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The Biology of Evil (Level 6)


  • Credit value: 30 credits at Level 6
  • Convenor: to be confirmed
  • Assessment: a 1500-word essay (40%) and 2000-word essay (60%)

Module description

In enlightenment rhetoric, as developed by philosophers such as Descartes and Kant, evil is typically configured as a species of error, a failure or misapplication of the faculty of reason. As such, evil is treatable, indeed it may be ultimately eradicated, through the ever-widening influence of education and the light of reason. In the nineteenth century a new medical/biological model of evil became prominent. On this model evil is seen as some kind of bodily infection which needs to be isolated or destroyed before it further infects the greater populace.

In this module we first trace the rise of this new model of evil and its embodiment in the nineteenth-century discourse on degeneration. We then examine through case studies how elements of the discourse of degeneration were inflected in literature, philosophy and psychology.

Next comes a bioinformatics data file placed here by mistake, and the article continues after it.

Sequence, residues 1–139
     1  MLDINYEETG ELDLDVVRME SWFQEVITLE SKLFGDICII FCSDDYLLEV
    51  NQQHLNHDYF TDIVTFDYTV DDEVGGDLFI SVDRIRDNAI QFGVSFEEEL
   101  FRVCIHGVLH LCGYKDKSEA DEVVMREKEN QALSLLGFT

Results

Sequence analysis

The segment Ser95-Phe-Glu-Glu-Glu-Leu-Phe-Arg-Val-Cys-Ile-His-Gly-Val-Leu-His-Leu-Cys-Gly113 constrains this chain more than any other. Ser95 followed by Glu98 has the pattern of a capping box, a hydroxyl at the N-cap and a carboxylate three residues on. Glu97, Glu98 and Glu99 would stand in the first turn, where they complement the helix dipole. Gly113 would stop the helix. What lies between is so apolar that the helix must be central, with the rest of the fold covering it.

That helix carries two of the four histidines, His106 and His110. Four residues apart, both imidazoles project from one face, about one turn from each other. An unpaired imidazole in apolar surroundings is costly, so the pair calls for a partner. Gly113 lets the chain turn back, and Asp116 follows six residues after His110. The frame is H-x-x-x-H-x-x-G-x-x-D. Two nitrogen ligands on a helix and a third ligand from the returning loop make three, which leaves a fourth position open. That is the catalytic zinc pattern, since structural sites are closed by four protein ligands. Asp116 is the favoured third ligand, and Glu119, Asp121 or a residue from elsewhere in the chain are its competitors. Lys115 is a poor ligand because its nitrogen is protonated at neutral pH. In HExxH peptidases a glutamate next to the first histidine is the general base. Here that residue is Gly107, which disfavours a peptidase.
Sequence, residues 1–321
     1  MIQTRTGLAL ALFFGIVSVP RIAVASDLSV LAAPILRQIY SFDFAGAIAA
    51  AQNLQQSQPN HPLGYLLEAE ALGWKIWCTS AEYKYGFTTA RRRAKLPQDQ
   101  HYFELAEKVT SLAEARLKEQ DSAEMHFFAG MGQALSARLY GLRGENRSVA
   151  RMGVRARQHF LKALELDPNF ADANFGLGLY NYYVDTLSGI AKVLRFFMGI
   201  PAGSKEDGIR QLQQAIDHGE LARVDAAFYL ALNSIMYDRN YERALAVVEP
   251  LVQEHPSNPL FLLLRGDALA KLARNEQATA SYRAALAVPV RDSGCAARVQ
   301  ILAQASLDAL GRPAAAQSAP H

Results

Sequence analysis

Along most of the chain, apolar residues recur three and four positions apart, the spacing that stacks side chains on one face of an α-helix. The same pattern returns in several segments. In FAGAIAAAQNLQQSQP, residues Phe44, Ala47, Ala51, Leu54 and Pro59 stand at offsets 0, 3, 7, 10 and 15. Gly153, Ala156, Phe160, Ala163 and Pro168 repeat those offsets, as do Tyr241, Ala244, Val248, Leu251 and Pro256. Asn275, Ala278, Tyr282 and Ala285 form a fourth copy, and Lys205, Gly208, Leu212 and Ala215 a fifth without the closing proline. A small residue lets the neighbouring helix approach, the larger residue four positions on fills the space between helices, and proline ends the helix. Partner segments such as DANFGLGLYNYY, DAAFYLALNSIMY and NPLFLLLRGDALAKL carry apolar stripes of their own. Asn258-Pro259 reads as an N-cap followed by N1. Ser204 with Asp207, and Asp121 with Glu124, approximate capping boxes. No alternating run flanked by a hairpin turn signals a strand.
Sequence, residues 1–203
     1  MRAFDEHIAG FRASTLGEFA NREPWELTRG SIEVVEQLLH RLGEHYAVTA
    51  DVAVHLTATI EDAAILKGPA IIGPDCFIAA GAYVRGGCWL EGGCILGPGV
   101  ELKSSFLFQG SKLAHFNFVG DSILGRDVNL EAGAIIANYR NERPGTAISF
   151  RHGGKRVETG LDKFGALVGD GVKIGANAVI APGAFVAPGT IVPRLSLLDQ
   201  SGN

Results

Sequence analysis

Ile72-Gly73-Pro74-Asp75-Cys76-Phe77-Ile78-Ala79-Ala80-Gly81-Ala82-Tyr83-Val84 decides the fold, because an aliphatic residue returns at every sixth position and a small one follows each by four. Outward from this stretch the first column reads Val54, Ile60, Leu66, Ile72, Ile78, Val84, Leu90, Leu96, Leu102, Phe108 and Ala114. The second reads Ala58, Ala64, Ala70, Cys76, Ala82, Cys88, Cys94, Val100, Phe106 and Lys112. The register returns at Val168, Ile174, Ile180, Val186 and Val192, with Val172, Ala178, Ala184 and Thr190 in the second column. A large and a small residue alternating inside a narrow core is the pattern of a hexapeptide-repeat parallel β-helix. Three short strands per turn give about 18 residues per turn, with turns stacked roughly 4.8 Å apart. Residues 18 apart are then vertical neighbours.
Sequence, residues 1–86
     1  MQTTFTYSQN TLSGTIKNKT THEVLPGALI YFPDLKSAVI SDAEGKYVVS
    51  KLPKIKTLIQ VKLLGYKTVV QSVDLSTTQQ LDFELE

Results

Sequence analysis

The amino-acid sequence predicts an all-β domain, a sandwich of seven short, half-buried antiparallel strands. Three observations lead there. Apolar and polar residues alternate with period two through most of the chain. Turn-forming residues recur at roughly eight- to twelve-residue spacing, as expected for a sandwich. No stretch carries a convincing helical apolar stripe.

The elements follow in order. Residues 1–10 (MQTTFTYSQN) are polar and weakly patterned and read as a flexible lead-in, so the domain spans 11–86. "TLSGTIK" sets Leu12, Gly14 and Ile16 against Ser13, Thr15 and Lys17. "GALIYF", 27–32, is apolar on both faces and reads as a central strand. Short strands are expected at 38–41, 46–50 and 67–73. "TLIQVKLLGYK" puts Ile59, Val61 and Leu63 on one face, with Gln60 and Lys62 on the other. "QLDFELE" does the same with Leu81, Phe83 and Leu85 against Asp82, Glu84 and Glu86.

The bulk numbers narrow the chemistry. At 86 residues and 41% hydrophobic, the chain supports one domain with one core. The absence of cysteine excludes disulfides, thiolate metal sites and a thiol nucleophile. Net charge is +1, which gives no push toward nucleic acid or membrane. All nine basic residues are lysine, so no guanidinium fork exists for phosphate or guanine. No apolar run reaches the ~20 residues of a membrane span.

Indicative syllabus

  • Survey of some pre-nineteenth-century conceptions of women and Jews
  • The new biologism: Darwin and Vogt
  • Degeneration: Lombroso, Nordau
  • Science meets literature I: Zola’s Nana
  • Science meets literature II: Stoker’s Dracula
  • Evil in literature: Baudelaire
  • Degeneration in art
  • Materialism as evil: Marx and Wagner
  • Nietzsche: health through degeneration
  • Freud and degeneration
  • Freud and the uncanny

Learning objectives

By the end of this module, you will:

  • have detailed knowledge of the rise of the medical/biological model of evil in the nineteenth century
  • be aware of the specialist principles and concepts deployed by thinkers such as Nietzsche and Freud in discourses on degeneration, and recognise some of their strengths and weaknesses.